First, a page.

- Getting help!
        - Installing and getting online
        - Configuring SAMBA and accessing Windows
        - Configuring and sharing a printer
        - Accessing and editing WORD documents - OOo has excellent support for
        the Word format
        - Viewing PowerPoint presentations
        - Getting used to OOo - Cool and easy
        - Installing updates - built-in with Fedora

        Things that were (or still) hard:
        - Configuring Hebrew
        - Managing RPMs and installing software, at least until I found out
        about apt-get for Fedora
        - Editing PowerPoint presentations
        - Tweaking firewall configuration

        Cheers,
        -S.

        On Tue, 2004-08-17 at 17:16, Yair Friedman wrote:
        > Being fed-up with windows I decided to dive into the Linux world and
        > would like to hear your advise on distribution, configuration and
        > additional things I'd need to know.
        >
        > At this stage I can only spend bandwidth media and some rime but not
        > money. I also prefer the free (FSF) alternatives.
        >
        > Although I have no experience with Linux I do have Unix knowledge and
        > not "afraid" of the command line. Flashy GUI isn't needed, but
        > reasonable defaults and themes are welcome.
        >
        > Windows environment smooth integration is must. Easy samba and printers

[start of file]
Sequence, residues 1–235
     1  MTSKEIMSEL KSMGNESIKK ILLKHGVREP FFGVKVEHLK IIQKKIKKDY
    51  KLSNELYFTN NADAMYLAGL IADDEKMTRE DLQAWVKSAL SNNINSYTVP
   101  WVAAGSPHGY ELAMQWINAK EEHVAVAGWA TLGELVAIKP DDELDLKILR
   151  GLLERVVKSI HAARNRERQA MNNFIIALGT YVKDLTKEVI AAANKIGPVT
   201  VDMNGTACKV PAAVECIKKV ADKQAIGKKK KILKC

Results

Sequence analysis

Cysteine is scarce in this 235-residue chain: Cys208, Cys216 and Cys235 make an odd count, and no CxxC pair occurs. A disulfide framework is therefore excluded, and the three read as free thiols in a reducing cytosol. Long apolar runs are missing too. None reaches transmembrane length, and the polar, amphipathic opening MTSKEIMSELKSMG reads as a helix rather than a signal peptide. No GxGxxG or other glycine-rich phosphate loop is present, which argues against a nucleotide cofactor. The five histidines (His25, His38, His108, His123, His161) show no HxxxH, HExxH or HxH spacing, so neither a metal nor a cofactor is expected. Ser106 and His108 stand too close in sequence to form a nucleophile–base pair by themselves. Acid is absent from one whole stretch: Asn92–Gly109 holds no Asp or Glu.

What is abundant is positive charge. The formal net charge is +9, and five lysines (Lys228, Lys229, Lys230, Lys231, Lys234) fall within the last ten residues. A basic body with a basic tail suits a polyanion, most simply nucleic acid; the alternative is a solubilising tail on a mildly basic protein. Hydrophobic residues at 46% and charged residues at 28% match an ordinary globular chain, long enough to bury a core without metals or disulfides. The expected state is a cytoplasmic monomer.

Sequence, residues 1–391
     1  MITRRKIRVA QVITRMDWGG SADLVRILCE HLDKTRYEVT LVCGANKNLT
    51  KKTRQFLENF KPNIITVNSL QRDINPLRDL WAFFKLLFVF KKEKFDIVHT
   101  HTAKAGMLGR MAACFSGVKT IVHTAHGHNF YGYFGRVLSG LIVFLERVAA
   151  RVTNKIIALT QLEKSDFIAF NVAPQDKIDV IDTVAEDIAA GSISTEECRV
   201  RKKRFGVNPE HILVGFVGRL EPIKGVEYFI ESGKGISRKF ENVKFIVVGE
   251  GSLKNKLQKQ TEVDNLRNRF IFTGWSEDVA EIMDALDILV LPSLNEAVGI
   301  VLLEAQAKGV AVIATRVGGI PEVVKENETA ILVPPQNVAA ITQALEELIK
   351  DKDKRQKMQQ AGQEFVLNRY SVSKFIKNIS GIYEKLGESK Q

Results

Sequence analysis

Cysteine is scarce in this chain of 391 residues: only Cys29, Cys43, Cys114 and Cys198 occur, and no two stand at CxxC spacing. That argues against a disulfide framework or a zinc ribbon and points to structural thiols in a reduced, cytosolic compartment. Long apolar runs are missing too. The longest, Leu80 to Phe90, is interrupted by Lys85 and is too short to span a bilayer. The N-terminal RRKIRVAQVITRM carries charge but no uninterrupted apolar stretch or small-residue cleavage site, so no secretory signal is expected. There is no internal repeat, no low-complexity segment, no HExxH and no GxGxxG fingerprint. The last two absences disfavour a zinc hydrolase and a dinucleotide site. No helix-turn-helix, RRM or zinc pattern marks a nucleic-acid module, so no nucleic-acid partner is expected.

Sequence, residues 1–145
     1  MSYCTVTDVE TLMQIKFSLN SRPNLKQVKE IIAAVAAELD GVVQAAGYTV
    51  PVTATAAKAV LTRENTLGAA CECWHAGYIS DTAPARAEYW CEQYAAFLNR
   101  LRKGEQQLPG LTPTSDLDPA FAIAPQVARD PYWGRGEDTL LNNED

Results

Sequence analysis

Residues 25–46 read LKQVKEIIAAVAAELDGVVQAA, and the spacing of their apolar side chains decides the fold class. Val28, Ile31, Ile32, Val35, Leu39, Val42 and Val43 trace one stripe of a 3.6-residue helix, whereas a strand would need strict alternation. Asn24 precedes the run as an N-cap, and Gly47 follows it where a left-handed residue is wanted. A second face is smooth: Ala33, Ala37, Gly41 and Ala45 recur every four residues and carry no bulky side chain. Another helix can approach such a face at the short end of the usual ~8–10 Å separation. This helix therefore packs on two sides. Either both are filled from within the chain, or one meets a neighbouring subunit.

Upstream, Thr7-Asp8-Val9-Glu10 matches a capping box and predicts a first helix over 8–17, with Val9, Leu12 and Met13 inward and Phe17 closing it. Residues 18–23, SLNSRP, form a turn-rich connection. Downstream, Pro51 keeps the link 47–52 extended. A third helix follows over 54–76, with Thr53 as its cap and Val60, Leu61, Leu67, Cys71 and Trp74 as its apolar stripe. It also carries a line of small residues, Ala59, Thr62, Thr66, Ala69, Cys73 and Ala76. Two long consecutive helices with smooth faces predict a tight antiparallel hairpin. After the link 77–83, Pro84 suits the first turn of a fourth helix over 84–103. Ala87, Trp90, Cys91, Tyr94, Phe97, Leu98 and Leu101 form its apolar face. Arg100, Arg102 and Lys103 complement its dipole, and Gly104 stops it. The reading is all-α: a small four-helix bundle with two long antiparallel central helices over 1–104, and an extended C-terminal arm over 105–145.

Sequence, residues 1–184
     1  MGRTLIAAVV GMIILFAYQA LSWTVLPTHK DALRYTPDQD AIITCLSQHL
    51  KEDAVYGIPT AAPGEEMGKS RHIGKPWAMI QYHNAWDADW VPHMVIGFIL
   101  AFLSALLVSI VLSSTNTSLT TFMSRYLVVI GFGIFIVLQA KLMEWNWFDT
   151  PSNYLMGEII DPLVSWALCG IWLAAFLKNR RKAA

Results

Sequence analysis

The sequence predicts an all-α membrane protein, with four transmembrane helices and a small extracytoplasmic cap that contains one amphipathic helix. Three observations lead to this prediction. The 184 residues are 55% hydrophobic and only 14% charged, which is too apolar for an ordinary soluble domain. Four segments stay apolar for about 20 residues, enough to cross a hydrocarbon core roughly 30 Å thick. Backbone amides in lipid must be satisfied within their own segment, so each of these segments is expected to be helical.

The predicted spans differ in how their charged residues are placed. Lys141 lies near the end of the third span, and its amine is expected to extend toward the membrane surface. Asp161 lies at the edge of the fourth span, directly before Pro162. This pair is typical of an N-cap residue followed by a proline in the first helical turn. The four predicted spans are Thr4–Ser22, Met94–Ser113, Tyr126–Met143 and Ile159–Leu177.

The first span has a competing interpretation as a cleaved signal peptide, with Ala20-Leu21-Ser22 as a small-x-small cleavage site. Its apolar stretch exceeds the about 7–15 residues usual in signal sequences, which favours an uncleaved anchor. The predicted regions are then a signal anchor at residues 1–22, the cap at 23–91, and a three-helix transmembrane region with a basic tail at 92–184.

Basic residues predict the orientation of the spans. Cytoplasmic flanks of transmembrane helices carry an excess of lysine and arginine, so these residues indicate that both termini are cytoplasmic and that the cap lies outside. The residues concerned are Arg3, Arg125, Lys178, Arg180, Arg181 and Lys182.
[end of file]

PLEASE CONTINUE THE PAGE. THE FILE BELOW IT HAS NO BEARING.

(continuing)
> integration is a must. I wonder if it also possible to run win
        > applications directly. I'd rather run office instead of getting into
        > computability issues. There are some applications which might not have
        > Linux replacement (Project?).
        >
        > One more important issue is stability. I was very much annoyed after
        > installing a new cygwin component and discover that cygwin decided to
        > upgrade half of it system making many other things stop working.
        >
        > Any advise, pointers, hints etc. are welcome.
        >
        > Thanks for your help
      • Yair Friedman
        Being fed-up with windows I decided to dive into the Linux world and would like to hear your advise on distribution, configuration and additional things I d
        Message 3 of 3 , Aug 17, 2004
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          Being fed-up with windows I decided to dive into the Linux world and
          would like to hear your advise on distribution, configuration and
          additional things I'd need to know.

          At this stage I can only spend bandwidth media and some rime but not
          money. I also prefer the free (FSF) alternatives.

          Although I have no experience with Linux I do have Unix knowledge and
          not "afraid" of the command line. Flashy GUI isn't needed, but
          reasonable defaults and themes are welcome.

          Windows environment smooth integration is must. Easy samba and printers
          integration is a must. I wonder if it also possible to run win
          applications directly. I'd rather run office instead of getting into
          computability issues. There are some applications which might not have
          Linux replacement (Project?).

          One more important issue is stability. I was very much annoyed after
          installing a new cygwin component and discover that cygwin decided to
          upgrade half of it system making many other things stop working.

          Any advise, pointers, hints etc. are welcome.

          Thanks for your help
          --
          Yair.